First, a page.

Open source products at CES 2015

Consumer Electronics Show 2015: Open source highlights

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The 48th annual Consumer Electronics Show (CES) has come and gone, bringing with it some exciting new open source platforms and products. While it's difficult to capture every open source announcement and unveiling that happened last week, let’s take a look at a few of the highlights:

OSVR: A single, open standard for VR development

It’s difficult to talk about any of last week’s open source news without first touching on Razer’s announcement of OSVR, an open source virtual reality platform that stole the show Tuesday. The gaming hardware company teamed up with Unity, Unreal, Leap Motion, and several others on the project in hopes of creating a single, open standard for virtual reality development. OSVR’s software works with Android, Linux, and Windows and is freely available under Apache 2.0. OSVR’s hardware is open as well—all designs and schematics for its Hacker dev kit are available for free on the OSVR website. For those not interested in making their own, Razer is also accepting preorders for the kit.

Price: $199.99 (preorder)

Release: June 2015

MatchStick: An open-source alternative to Google's Chromecast

Since it was funded on Kickstarter in October, there’s been a lot of hype surrounding MatchStick. The fully open and adaptable HDMI streaming stick runs Firefox OS and allows users to "fling" video, music, and games from their computers and Android or iOS devices to any compatible TV. CES attendees and tech writers had a chance to get a closer look at the device before its release next month.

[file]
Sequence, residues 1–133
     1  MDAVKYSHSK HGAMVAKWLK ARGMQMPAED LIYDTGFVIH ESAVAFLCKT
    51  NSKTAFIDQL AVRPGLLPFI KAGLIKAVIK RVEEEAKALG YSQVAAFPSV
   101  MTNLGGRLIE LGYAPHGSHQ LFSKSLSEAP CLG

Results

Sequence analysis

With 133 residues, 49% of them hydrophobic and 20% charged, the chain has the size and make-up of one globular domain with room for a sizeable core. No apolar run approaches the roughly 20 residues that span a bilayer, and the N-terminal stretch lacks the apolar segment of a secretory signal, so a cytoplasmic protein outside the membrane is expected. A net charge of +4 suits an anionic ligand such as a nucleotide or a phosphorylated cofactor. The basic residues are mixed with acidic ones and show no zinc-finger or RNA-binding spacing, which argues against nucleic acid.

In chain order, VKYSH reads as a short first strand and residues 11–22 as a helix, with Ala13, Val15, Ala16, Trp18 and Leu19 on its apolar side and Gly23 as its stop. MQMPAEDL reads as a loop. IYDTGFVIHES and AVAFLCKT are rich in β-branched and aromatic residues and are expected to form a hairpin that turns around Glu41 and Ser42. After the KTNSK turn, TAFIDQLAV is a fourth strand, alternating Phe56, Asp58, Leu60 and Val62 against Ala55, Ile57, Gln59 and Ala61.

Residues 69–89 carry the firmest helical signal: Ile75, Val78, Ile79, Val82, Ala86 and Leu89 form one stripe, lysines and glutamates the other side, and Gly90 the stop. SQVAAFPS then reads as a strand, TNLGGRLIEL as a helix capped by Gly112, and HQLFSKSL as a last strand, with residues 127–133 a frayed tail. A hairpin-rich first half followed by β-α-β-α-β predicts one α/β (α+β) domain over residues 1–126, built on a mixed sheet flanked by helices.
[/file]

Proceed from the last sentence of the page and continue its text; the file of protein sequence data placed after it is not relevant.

Price: $25, $18 (preorder)

Release: February 2015

A more affordable, open source Linksys router

After bringing back the classic black-and-blue Linksys router in 2014, Belkin announced a new, open source Linksys router last Monday: the WRT1200AC. While the 802.11ac router is rated for speeds of up to 867 mbps, it’s the lower price and open source firmware that really have people excited. The WRT1200AC is a full $100 cheaper than its counterpart, the WRT1900AC, and the driver is available now for anyone to work with.

Price: $179.99

Release: Spring 2015

Panasonic goes Firefox OS

Panasonic announced a line of 4K Smart TVs built on Firefox OS Wednesday, bucking the trend of proprietary interfaces. Called My Home Screen 2.0, the colorful UI allows users to browse the web, receive notifications, and pin apps, channels and HDMI inputs to the home screen for easy access.

Release: Spring 2015

Linux gets tiny with Intel's Compute Stick

Plugging a computer into an HDTV isn’t a revolutionary concept, but the four-inch Compute Stick Intel announced Thursday might turn some heads. The ultra-portable HDMI stick computer is equipped with a 32GB hard drive, 2GB RAM, an Atom processor and ships with Linux or Windows 8. The device also has a micro SD slot, USB port, and is Wi-Fi and Bluetooth enabled.

Price: $89 (Linux), $149 (Windows)

Release: March 2015

Did we miss anything? Share your favorite product announcements or CES news from last week to the comments section below.

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About the author

Alex Sanchez - I'm the social media, email marketing, and syndication specialist for Opensource.com. Outside the office, you'll find me running, trying out new recipes, dominating in Sid Meier's Civilization, or catching up on my favorite movies, TV shows, and podcasts.